By Jamie Larson
On paper, the event coming up on Friday, April 5 at Hudson Hall sounds like a complicated avant-garde poetry exercise. But be not afraid. Flow Chart Cabaret Cinema: A Night of Neo-Benshi is a celebration of collaboration, and of poet John Ashbery’s love of the inspirational and often whimsical interrelationship between different fields of art. Throughout the evening poets will perform over, and enhance, movie clips with the sound removed. Think a poetry reading that’s not stuffy or intimidating crossed with What’s Up, Tiger Lily?
Ashbery, a longtime Hudsonian, started The Flow Chart Foundation in life to support these types of interdisciplinary conversations and was a champion of “Ekphrastic” poetry (a ten-cent word for poetry in descriptive dialogue with other artwork).
Since Ashbery's passing, Flow Chart’s new executive director, Jeffrey Lependorf, aims with organization's first inaugural event, to share Ashbery’s love of mixing art forms in order to make poetry feel more accessible.
“We’re excited to present this night of Ashberian creativity and mischief with Hudson Hall,” said Lependorf. “There’s no doubt John would have loved it, and I like to think this might be the perfect ‘gateway drug’ for future fans to explore his work.”
Inspired by historic Japanese “Benshi” — performers who provided live narration and cultural translation for audiences during the silent film era — Neo-Benshi artists take scenes from popular modern films and television and replace the sound with their own live spoken works. The result is a new kind of multimedia happening that Lependorf says has taken the experimental performance art world by storm. Sharing the stage will be performers Anselm Berrigan, Shanekia McIntosh, Joan Retallack and Jasmine Dreame Wagner.
The event will also present an opportunity to pay tribute to Carolee Schneemann, who was scheduled to perform at the event before her recent passing. One of the most influential artists of the second part of the 20th century, Schneemann’s pioneering investigations into subjectivity, the social construction of the female body, and the cultural biases of art history had significant influence on subsequent generations of artists.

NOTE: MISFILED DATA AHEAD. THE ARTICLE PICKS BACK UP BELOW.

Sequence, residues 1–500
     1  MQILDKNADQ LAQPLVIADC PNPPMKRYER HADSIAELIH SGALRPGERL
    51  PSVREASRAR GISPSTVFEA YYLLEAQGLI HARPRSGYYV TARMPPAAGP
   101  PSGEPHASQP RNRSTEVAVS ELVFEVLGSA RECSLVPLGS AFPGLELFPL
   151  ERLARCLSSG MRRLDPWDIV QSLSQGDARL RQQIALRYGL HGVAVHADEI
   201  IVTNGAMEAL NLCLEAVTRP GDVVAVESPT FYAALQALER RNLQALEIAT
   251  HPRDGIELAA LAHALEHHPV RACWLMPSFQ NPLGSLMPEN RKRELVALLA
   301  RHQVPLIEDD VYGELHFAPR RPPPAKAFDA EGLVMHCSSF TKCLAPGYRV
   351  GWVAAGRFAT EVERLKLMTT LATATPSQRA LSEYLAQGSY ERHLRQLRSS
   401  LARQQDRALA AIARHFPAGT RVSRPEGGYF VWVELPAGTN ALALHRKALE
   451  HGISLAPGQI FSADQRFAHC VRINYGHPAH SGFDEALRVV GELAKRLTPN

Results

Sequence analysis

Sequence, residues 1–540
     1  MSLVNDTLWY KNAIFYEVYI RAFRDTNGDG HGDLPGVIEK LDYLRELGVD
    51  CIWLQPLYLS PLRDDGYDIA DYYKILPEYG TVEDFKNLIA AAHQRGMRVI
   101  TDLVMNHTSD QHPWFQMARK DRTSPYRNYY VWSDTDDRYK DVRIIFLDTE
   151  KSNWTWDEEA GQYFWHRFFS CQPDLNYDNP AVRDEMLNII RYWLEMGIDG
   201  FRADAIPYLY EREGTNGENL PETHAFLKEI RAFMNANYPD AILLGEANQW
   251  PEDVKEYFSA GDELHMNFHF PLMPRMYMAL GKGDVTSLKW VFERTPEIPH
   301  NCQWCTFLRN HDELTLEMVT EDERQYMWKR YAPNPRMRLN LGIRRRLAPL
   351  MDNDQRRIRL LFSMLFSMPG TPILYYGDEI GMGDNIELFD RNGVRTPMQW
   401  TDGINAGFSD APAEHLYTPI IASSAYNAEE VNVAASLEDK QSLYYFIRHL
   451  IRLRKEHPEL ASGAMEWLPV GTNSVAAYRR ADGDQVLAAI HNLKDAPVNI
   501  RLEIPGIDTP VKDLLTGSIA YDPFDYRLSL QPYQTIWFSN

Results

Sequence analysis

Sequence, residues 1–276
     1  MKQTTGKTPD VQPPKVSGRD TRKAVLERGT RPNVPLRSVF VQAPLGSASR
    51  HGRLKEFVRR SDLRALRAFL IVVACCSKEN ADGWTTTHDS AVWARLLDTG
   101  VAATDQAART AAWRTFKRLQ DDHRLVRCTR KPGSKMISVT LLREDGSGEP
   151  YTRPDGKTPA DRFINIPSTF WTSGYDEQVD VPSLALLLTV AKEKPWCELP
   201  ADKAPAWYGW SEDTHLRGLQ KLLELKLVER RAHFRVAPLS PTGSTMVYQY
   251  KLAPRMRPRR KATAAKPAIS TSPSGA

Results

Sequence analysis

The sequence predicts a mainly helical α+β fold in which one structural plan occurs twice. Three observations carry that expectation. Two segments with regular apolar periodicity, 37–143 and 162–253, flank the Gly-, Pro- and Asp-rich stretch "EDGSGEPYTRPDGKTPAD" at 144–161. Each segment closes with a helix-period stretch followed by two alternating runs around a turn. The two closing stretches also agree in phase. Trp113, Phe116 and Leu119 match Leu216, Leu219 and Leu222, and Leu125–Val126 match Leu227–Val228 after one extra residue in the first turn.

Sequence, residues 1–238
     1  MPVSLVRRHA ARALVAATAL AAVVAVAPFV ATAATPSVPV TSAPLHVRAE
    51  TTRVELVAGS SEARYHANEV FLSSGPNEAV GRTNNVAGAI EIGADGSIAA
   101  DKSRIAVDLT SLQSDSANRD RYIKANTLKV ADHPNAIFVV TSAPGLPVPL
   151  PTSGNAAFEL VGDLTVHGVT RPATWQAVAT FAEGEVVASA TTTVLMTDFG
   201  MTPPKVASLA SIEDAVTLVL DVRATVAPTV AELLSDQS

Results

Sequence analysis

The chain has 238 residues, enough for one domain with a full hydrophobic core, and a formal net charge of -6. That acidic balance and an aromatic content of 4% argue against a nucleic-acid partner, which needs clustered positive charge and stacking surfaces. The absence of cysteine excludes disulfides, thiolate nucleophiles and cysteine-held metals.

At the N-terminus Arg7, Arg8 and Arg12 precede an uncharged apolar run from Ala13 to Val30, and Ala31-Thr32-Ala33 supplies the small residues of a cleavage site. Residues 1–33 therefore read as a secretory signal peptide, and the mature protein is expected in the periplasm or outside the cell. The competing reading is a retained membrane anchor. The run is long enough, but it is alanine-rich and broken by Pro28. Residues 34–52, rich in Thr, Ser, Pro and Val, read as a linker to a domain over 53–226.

“Carolee’s presence will be deeply missed by all who had the privilege to know her or experience her work,” said Hudson Hall Executive Director Tambra Dillon. “Like her work, which will carry on, she was witty, wise and wonderful.”
As an homage, Schneemann’s short film, Body Collage, will be screened, in addition to a fitting Neo-Benshi performance by Lependorf, incorporating both Schneemann and Ashbery’s work.
A Night of Neo-Benshi is offered as a “love letter” to John Ashbery and the new, more public direction of The Flow Chart Foundation, which initially focused on providing academic materials. The participating artists will be taking a variety of approaches, and the film clips run the gamut from Stanley Kubrick’s 2001: A Space Odyssey to Robocop to the Bogart and Bacall classic To Have And Have Not.
“For our first event we wanted to present something we know Ashbery would have loved,” said Lependorf, who hopes the event can engage nontraditional poetry audiences. “People who are not poetry lovers have been trained to hate it and a reading can feel daunting. We want people to feel engaged in a poetry experience that is really fun.”
Lependorf said Ashbery was a great fan of Mad Movies with the L.A. Connection, a TV show in which the comedy troupe would spoof classic films by overdubbing new dialogue. He was so fond of one of them, based on a Vincent Price movie, that he memorized lines to quote for friends. In his early years, he loved the 1930s and '40s radio shows such as Vic and Sade, which featured fast-paced linguistic fireworks.
“Hopefully an event like this gives people the permission they’re looking for to just find poetry fun,” said Lependorf. “We are putting different things together and seeing how wonderful the results can be. In a way it’s a different way of expressing diversity.”
Flow Chart Cabaret Cinema: A Night of Neo-Benshi
Friday, April 5, 7 p.m.
Hudson Hall, 327 Warren St., Hudson, NY